The Month That Changed the World -- July 1914 by Gordon Martel, Oxford UPress '14. $34.95, 484 pages, ASIN #0199665389. Index, list of works c
ited, notes, b&w images sprinkled through text..
Readers don't need a centennial observance to recognize the name of unlucky Austrian Archduke Franz Ferdinand, who was assassinated at Sarajevo on June 28, 1914, for we all learned about him in school. The importance of that event, of course, was that it led directly to a military conflict historians called the Great War (never realizing they'd have to change that to World War I to accommodate further carnage down the road).
Scholar Gordon Martel is one of a raft of authors on the subject who have published books this season to commemmorate the horrific event and to describe its outcroppings and importance. In his work, the author "goes back to the human dimension, to the contemporary diplomatic, military, and political records, in order to recount the twists and turns of the crisis afresh, with the aim of establishing just how the cataclysm was unleased."
Painfully, Mantell stresses that the motivating factor to the Great War "is the story of a terrible, avoidable tragedy -- a mystery that can be solved only by retracing the steps taken by those who took the world down the road to war." That story brings into view such historic personalities as Kaiser Wilhelm II, Emperor Franz Joseph, Tsar Nicholas II, Sir Edward Grey, and Raymond Poincare.
Mantell tells his story chronologically, devoting a chapter to each day of the infamous "July Crisis." Tragically, he stresses that "almost every day it seemed possible that the crisis could be settled as so many had been over the past decade." But, alas, it was not to be.
Author Gordon Martel is a specialist on the origins of the First and Second World Wars, modern imperialism, and the nature of diplomacy. He has taught at a number of Canadian universities and has been a visiting professor or fellow in England, Ireland, and Australia.
D-Day Through French Eyes -- Normandy 1944 by Mary Louise Roberts, UChicago Press '14, $25, 211 pages, ASIN #022613699X. Index, bibliography, notes, b&w images sprinkled through text.
A brief excerpt from the author's Introduction:
"At the mention of D-Day, most Americans summon the image of GIs landing on Omaha Beach in Normandy, France. These first steps onto Nazi-occupied soil, immortalized in a photograph often attributed to Robert Capa, dominated our perceptions of World War II. But did you ever wonder how the landings looked from the opposite direction -- to the French onshore? What was D-Day like for the Normans?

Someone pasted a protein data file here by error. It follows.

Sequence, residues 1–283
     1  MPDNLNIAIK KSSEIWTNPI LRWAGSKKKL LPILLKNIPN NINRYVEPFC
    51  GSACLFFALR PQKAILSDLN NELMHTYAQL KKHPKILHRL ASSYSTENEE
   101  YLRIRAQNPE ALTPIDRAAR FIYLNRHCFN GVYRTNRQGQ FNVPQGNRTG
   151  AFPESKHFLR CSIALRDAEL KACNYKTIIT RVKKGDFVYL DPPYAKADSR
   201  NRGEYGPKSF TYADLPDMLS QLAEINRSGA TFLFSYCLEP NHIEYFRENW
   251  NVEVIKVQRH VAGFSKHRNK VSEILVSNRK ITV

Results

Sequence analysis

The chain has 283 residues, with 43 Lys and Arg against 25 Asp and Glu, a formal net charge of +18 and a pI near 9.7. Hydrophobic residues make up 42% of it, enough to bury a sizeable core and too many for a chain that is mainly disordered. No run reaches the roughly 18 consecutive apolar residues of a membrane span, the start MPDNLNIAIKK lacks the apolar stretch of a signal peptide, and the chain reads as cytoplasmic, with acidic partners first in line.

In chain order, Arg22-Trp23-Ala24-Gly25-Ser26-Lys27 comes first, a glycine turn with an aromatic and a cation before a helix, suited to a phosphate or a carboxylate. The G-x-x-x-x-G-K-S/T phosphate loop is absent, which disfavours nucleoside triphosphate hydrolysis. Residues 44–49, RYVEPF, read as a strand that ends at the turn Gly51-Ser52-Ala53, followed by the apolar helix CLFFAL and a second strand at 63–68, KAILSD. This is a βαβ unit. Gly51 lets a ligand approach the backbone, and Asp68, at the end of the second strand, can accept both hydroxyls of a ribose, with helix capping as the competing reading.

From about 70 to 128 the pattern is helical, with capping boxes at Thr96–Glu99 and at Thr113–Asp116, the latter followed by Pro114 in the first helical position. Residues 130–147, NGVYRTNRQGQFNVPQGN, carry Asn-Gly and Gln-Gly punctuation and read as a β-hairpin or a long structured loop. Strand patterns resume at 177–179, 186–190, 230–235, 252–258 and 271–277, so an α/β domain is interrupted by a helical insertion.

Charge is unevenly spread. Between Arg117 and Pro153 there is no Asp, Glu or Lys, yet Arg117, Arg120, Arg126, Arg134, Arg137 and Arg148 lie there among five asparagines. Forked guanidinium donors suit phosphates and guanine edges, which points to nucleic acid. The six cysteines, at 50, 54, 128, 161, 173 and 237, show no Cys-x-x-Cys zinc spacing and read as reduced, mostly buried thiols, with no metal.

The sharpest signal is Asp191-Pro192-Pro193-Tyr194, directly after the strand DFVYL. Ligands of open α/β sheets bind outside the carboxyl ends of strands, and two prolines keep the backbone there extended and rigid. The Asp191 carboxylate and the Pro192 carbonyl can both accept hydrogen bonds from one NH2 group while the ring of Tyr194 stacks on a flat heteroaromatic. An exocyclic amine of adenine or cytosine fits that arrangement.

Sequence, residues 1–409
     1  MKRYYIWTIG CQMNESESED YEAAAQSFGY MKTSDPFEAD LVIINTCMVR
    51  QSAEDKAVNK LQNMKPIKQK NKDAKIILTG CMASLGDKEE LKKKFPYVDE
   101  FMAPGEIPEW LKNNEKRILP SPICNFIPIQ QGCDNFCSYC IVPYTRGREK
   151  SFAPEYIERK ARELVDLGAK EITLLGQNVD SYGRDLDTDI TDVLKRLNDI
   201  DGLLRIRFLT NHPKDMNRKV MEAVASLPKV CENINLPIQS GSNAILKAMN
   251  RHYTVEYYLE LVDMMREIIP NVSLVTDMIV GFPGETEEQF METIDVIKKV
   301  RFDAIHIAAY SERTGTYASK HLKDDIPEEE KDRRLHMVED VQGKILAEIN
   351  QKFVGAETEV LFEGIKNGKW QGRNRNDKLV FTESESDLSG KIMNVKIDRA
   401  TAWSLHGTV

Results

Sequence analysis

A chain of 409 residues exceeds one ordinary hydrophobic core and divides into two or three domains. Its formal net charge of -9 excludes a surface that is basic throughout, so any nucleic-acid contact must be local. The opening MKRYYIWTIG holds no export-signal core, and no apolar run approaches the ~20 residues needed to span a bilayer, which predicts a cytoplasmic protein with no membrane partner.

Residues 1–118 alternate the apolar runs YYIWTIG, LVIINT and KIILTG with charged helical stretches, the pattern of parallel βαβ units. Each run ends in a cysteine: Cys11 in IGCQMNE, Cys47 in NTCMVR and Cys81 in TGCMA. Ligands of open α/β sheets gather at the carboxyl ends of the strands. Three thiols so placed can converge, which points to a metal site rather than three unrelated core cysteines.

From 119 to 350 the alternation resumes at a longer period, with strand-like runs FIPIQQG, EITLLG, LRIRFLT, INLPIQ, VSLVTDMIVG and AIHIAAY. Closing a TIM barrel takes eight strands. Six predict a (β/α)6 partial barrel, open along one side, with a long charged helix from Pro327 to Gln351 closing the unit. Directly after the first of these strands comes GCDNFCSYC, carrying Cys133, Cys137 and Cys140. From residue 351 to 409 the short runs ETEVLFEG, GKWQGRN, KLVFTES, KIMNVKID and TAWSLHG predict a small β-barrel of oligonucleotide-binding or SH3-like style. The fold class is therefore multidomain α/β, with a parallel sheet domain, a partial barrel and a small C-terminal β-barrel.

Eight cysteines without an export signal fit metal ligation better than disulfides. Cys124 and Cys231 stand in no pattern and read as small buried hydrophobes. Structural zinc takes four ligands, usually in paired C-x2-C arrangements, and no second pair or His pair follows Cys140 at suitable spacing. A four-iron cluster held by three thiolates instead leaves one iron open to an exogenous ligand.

"U.S. historians have told and retold the story of the Normandy Invasion. But in most accounts, the focus remains on the day-to-day fighting of the Allied forces, particularly the American GIs. As a result, the experience of the Normans has been almost completely ignored. To remedy this, the collection of documents gathered in this book will widen our view by presenting D-Day and the Normandy Campaign through French eyes. Among these documents are temoignages, or testimonies, of the campaign culled from French archives and publications."
Author Mary Louise Roberts is professor of history at the University of Wisconsin-Madison and author of What Soldiers Do: Sex and the American GI in WWII France.
Hotel Florida -- Truth, Love, and Death in the Spanish Civil War by Amanda Vaill, Farrar, Straus, & Giroux '14, $30, 436 pages, ASIN #0374172994. Index, bibliography, glossary, notes, grouping of b&w glossy images, several b&w maps.
It is basic to the craft of writing history that readers respond to personal stories quicker than to anything else. In her latest work, historian Amanda Vaill employs the personal dramas of six people: Ernest Hemingway, Martha Gellhorn, Robert Capa, Gerda Taro, Arturo Barea, and Ilsa Kulcsar -- "whose lives all crossed paths at Madrid's Hotel Florida as they bore witness to the war."
From the dust jacket:
"Beginning with the cloak-and-dagger plot that precipitated the first gunshots of the war and moving forward month by month to the end of the conflict, Hotel Florida traces the tangled and disparate wartime destinies of three couples against the backdrop of a critical moment in history: a moment that called forth both the best and the worst from those caught up in it.
"In this noir landscape of spies, soldiers, revolutionaries, and artists, the shadow line between truth and falsehood sometimes became faint indeed -- your friend could be your enemy, and honesty could get you (or someone else) killed."
Author Amanda Vaill is author of the best-selling Everybody Was So Young: Gerald and Sara Murphy -- A Lost Generation Love Story, which was a finalist for the National Book Critics Circle Award in biography. She has written other books as well and written features and criticism for a range of pubications. She lives in New York City.